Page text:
Dating website Match.com has announced it will shortly begin checking existing and new members against public sex offender registries. The move follows on the heels of a lawsuit filed by a woman who says she was sexually assaulted by a sex offender — a man she met through Match.com.
The move is a departure for Match.com — as it would be for other sites in this category, which have avoided offering such services for a variety of reasons. Cost is mostly likely one; another, perhaps, is the possibility of becoming legally liable for failure to screen out an offender.
For its part, Match.com, which declined to comment further to the E-Commerce Times, said it did not implement background checks in the past because the technology was too unreliable.
That was then, though. Now it has decided to move forward, because the technology and databases have sufficiently improved.
More Reliable Data
There is something to that explanation, said Robert Siciliano, CEO of IDTheftSecurity.com.
“So much more data has been compiled in the past five years,” he told the E-Commerce Times. Now “it may be more reliable due to aggregation/data brokers using more sophisticated tools combining social media/email addresses and so on.”
False Sense of Security
That said, the measure is at best a minor safeguard against the dangers of meeting strangers, whether on the Internet or anywhere else. For a determined sexual predator, circumventing a background check with a false identity “would be child’s play,” noted Siciliano.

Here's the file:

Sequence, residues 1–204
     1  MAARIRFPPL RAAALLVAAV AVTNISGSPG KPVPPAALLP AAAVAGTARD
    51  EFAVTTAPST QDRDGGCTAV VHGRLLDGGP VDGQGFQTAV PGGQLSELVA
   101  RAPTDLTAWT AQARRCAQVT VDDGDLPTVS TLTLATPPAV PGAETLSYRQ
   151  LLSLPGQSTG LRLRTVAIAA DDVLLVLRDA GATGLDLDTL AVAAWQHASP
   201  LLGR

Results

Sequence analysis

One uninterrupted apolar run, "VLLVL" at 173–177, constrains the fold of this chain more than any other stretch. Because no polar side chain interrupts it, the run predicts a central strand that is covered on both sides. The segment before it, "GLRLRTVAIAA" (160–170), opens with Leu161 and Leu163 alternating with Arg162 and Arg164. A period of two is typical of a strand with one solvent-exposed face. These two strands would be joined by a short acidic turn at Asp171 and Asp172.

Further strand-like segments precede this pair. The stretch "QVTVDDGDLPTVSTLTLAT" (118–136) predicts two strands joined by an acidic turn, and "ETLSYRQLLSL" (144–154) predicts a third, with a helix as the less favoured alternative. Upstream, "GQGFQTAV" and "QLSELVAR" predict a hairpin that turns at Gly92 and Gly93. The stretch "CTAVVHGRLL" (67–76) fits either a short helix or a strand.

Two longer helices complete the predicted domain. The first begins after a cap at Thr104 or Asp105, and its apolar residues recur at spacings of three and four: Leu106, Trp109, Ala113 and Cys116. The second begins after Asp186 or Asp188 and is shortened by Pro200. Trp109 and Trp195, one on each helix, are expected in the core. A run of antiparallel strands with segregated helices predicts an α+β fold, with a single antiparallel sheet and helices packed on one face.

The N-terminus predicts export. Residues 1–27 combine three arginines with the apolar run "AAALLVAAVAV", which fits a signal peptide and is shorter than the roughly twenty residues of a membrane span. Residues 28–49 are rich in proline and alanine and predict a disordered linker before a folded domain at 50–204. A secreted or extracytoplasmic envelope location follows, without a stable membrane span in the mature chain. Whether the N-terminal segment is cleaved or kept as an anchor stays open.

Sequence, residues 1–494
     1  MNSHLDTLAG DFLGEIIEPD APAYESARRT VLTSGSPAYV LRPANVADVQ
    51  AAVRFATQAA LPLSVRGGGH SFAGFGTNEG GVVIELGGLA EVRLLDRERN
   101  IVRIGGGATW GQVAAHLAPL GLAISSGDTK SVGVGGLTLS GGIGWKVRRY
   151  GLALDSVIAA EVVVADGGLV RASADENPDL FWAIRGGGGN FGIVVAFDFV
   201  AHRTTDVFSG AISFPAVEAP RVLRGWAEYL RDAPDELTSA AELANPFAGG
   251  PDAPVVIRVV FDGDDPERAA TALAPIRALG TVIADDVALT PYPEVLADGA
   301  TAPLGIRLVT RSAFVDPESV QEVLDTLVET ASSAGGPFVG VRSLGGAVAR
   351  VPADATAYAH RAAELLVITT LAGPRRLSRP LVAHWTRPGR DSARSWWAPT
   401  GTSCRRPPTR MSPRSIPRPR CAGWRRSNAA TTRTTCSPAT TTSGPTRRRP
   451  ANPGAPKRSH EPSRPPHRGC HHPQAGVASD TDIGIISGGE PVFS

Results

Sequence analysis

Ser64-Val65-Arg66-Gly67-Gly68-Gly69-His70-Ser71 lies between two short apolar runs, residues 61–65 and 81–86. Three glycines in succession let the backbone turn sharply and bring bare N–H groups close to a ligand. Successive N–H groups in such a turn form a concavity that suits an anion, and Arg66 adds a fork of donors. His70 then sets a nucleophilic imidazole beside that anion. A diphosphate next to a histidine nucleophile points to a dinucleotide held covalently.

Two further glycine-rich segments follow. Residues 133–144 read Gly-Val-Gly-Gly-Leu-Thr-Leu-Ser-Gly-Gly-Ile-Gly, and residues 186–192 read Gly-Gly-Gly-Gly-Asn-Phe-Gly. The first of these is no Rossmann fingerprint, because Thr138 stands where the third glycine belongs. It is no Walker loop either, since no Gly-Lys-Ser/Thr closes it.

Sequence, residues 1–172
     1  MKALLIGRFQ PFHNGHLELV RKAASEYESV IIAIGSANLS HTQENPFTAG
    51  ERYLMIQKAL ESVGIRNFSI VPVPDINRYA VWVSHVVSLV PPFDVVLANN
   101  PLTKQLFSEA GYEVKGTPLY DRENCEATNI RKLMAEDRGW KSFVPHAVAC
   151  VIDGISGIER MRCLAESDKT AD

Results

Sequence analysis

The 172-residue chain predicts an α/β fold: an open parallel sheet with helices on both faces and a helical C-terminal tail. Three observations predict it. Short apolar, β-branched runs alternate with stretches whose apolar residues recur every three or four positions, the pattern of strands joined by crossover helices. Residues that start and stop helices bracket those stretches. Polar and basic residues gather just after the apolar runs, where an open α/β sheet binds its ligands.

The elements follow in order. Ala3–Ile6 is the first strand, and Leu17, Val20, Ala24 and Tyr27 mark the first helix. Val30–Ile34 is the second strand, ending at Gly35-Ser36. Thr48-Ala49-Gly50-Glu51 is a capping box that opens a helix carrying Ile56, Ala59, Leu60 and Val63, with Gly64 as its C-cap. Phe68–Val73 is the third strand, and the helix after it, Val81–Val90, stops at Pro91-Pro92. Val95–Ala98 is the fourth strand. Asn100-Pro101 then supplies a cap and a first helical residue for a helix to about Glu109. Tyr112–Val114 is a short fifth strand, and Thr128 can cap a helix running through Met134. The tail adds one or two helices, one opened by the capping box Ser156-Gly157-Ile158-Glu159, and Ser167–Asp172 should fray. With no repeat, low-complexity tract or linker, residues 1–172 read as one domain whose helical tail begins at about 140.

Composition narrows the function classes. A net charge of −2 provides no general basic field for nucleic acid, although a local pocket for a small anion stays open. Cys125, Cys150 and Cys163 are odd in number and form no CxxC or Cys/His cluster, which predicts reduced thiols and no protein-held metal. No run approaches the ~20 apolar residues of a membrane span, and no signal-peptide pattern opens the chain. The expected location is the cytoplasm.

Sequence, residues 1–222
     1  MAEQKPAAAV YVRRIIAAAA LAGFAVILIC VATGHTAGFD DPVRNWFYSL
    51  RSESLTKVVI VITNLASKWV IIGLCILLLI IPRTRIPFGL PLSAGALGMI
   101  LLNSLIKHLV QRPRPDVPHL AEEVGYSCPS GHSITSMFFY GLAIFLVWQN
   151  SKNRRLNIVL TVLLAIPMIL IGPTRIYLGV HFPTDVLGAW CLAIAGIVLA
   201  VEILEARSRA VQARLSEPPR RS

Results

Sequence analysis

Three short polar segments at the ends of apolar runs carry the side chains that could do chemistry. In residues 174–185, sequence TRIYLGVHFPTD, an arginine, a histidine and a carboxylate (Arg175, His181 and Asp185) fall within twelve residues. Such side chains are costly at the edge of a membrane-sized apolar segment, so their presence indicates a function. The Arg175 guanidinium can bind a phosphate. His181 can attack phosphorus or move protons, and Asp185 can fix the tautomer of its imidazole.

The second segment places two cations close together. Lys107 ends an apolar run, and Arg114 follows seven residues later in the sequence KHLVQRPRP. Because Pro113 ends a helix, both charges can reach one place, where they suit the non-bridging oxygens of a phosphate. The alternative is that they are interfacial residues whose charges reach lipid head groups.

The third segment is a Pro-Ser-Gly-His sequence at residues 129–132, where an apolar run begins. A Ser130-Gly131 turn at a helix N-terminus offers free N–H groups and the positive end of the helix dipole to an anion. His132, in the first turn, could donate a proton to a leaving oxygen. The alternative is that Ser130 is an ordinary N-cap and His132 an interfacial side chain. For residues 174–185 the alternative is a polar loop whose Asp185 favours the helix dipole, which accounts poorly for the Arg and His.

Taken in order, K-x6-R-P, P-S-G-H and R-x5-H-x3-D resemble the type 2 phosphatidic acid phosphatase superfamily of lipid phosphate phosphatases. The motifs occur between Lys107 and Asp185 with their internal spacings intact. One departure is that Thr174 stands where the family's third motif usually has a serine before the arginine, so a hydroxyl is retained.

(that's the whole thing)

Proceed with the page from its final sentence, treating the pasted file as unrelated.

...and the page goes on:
A background check could also backfire, because it would create a false sense of security, Sandy Glover, CEO of Gold Shield Legal Investigations, told the E-Commerce Times.
Then again, a lot of dating sites already try to imply there is some kind of background screening going on, she added, which causes some customers to relax their guard.
“I am of the mind that something is better than nothing, even if it is an imperfect solution,” said Glover. “In fact, I would think if more of these websites offered such a service, it might attract more users who had been afraid to use these sites before.”
That has been the experience of one dating website for seniors, for which Glover is now setting up a process for background checks.
“People want to know some kind of check has been done,” she said.
Even if a background check is an imperfect solution, it still adds any additional layer of security, Siciliano pointed out.
“Doing nothing is a poor option,” he said. “Also, consider that not every sex offender is tech-savvy, and some will get banned. Further, there are great technologies such as “device reputation” that will identify a user’s device and will allow for the banning of that device once they are deemed a risk.”
New Model for the Industry
For these reasons, along with a very healthy fear of more litigation, other dating websites are likely to follow Match.com’s lead, said Peter Berlin of the Law Office of Peter Berlin.
Indeed, the latter may be the driving motivation, he added. These companies are “likely making a cost/benefit analysis in appearing to provide some modicum of security, so they can say that they have done something to screen potential problems.”
They should offer some scanning no matter what the reason, said Siciliano.
“There is already an implied “they must be good if Match let them on,” giving the [potential sex offender] credibility.
Although this is a tragic situation, we at AlumniDate.com feel that meeting someone online is far safer than in a club or bar due to the fact that members can spend more time getting to know each other before meeting in person. Sex offender screening will give members a false sense of security.